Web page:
COLUMBUS, Ohio (June 29, 2021)—The U.S. Air Force and every other branch of U.S. military service depend on safe and reliable microelectronic devices and embedded systems. Without them, modern defense weapons systems can’t function. And when the integrity of these components is compromised, it puts people, systems and entire military operations in peril.
The microelectronics industry is a broad and complex ecosystem of global supply chains that involves many different players, places and steps — and that won’t be changing anytime soon. In the past, our government led technological advancements in microelectronics, but various policies and regulations have driven up the cost of manufacturing devices in the U.S. and pushed that part of the process overseas. Subsequently, microelectronic components like field-programmable gate arrays, application-specific integrated circuits and printed circuit boards (PCBs) are designed in the U.S. but are fabricated, tested and packaged in other countries.
Why the Latest Tools Aren’t Enough
This presents every facet of U.S. Armed Forces with a plethora of trust and assurance challenges because very real threats are posed by malicious or counterfeit chips from foreign countries run by governments that do not have the U.S.’s best interests in mind. Without the proper safeguards, it’s all too easy for poor-quality, fake or pernicious devices to be introduced into U.S. defense systems.
There are, of course, cutting-edge tools designed to scan microelectronics devices for issues, but these alone are not enough to ensure their safe and reliable operation on the critical platforms used by the U.S. Air Force and our nation’s other military sectors. Not only does the current breakneck pace of technological change make it impractical and impossible to constantly buy new products and implement wholesale changes, but in today’s world, new threats arise on a daily basis.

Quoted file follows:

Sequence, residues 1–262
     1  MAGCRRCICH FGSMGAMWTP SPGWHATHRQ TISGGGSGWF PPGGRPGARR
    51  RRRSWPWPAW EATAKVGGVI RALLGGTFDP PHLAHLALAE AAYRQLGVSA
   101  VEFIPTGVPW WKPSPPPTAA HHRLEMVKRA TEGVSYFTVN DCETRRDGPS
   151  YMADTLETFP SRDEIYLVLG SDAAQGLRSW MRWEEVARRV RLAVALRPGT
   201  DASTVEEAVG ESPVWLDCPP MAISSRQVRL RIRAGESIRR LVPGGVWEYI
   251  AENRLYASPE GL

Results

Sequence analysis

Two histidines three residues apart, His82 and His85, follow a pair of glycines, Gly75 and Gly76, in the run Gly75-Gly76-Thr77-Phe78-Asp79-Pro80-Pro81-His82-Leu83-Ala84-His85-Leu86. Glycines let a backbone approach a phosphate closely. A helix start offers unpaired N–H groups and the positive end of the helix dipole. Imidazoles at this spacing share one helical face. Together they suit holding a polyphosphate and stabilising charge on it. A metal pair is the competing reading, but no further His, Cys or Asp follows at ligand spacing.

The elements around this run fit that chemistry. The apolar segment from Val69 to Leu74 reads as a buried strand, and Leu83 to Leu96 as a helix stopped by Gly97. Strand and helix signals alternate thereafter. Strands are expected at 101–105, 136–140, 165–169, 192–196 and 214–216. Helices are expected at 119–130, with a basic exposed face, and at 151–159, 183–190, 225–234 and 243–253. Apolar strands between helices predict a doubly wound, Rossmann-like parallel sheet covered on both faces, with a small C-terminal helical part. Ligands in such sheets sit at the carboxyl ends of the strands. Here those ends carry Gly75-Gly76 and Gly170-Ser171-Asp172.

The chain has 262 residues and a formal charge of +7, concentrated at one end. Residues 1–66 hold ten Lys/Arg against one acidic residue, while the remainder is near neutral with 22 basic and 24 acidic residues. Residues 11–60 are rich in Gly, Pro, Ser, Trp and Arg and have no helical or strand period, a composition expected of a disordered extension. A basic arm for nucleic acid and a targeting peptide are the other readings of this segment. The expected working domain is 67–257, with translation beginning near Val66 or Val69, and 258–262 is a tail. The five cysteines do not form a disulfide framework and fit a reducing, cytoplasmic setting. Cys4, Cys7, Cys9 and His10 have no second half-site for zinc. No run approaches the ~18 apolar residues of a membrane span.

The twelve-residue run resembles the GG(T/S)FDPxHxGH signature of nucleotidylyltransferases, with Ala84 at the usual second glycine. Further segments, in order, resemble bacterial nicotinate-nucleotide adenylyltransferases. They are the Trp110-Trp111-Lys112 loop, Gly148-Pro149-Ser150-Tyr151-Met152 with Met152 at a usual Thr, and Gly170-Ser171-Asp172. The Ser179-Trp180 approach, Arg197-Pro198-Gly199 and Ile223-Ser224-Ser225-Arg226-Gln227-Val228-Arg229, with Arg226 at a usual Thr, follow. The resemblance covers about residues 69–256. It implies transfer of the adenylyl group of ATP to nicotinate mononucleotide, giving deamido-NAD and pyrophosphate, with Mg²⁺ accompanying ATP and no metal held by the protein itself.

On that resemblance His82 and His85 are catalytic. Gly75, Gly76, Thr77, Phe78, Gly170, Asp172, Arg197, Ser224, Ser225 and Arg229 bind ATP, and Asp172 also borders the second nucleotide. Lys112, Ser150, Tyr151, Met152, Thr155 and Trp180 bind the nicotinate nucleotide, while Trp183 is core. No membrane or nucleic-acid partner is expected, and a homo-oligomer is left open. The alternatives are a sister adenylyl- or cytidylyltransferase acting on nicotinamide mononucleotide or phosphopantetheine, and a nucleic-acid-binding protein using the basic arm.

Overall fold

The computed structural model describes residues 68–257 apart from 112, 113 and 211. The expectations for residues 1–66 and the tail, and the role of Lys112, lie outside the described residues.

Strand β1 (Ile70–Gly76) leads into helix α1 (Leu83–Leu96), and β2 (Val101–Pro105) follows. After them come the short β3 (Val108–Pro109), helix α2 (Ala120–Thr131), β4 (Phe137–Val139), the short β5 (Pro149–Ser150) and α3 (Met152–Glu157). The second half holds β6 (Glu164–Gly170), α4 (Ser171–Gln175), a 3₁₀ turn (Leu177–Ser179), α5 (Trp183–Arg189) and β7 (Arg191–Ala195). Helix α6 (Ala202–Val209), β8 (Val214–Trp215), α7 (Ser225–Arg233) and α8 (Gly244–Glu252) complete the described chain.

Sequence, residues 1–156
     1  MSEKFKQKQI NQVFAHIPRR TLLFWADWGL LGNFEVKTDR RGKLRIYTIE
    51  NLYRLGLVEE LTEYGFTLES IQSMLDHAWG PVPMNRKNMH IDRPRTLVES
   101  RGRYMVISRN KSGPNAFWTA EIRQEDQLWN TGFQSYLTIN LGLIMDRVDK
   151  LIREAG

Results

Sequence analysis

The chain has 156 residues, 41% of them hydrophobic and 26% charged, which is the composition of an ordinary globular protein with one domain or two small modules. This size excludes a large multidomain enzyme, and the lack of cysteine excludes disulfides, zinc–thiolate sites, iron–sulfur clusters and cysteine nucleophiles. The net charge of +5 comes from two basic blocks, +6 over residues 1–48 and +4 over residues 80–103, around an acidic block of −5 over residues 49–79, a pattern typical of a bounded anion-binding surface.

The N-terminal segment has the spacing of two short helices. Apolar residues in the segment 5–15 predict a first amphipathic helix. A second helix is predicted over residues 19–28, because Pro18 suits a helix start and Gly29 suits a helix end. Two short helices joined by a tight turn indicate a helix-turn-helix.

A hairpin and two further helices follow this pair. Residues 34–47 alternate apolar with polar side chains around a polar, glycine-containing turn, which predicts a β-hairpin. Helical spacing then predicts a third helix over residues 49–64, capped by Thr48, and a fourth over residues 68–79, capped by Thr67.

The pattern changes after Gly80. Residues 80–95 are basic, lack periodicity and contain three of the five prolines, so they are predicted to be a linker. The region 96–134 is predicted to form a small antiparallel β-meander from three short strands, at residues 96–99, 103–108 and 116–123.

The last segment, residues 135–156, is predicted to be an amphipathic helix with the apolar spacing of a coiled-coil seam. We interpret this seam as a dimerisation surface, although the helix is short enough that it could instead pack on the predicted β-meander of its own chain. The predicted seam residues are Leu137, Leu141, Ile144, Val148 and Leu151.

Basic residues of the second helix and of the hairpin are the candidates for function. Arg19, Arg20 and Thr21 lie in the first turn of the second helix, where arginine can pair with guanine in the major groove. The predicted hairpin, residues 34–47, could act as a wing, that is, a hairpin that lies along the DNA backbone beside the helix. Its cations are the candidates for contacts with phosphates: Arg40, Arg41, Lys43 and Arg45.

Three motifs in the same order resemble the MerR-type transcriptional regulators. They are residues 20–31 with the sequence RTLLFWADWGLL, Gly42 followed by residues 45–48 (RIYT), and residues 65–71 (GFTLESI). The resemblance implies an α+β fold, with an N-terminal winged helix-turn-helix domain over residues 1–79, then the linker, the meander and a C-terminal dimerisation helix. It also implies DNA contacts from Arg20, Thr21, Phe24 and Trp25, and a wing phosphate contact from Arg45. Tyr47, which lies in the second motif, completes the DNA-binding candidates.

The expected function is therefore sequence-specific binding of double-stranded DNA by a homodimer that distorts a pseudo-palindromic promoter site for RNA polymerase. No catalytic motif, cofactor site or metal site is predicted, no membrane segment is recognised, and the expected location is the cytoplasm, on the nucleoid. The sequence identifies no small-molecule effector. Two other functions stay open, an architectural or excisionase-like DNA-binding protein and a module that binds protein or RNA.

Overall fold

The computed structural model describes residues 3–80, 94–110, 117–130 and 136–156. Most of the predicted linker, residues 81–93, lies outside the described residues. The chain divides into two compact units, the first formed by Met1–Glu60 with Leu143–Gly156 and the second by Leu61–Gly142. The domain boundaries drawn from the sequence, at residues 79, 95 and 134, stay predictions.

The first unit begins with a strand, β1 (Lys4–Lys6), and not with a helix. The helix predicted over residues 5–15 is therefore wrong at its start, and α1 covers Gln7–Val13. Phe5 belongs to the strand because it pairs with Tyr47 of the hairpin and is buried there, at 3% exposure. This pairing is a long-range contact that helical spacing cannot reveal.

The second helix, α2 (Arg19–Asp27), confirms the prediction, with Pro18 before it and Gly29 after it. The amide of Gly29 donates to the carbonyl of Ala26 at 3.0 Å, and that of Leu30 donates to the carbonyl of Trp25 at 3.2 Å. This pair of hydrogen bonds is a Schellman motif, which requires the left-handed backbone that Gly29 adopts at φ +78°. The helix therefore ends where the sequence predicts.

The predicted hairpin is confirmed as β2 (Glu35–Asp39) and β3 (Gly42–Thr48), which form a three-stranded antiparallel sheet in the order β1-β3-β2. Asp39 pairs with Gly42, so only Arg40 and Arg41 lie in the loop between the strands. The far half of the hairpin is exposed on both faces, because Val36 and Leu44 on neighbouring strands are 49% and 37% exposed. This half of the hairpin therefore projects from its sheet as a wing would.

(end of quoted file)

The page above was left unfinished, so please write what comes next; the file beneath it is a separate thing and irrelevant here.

Given all these factors, the only truly cost-effective, dependable way to maintain safety and trust assurance is to employ enduring solutions that have the ability to continually learn and improve. This means that artificial intelligence (AI) and machine learning cannot just be buzzwords — they must be utilized to their full extent.
Lasting Solutions That Continually Improve Over Time
For example, there is a great need for tools that can verify and validate the trust and assurance of PCBs — the foundational building blocks or “brains” of most electronic devices — while scanning for counterfeits. Electronic systems have become incredibly complex and expensive and getting a single PCB ready for use can require 150 or more intricate steps. These crucial components are being used by organizations responsible for national defense and homeland security, but with the private commercial sector heading the modern-day microelectronics charge, the U.S. military has no choice but to rely on consumer off-the-shelf (COTS) PCBs from outside sources. As a result, cost and integration with current systems cannot be overlooked.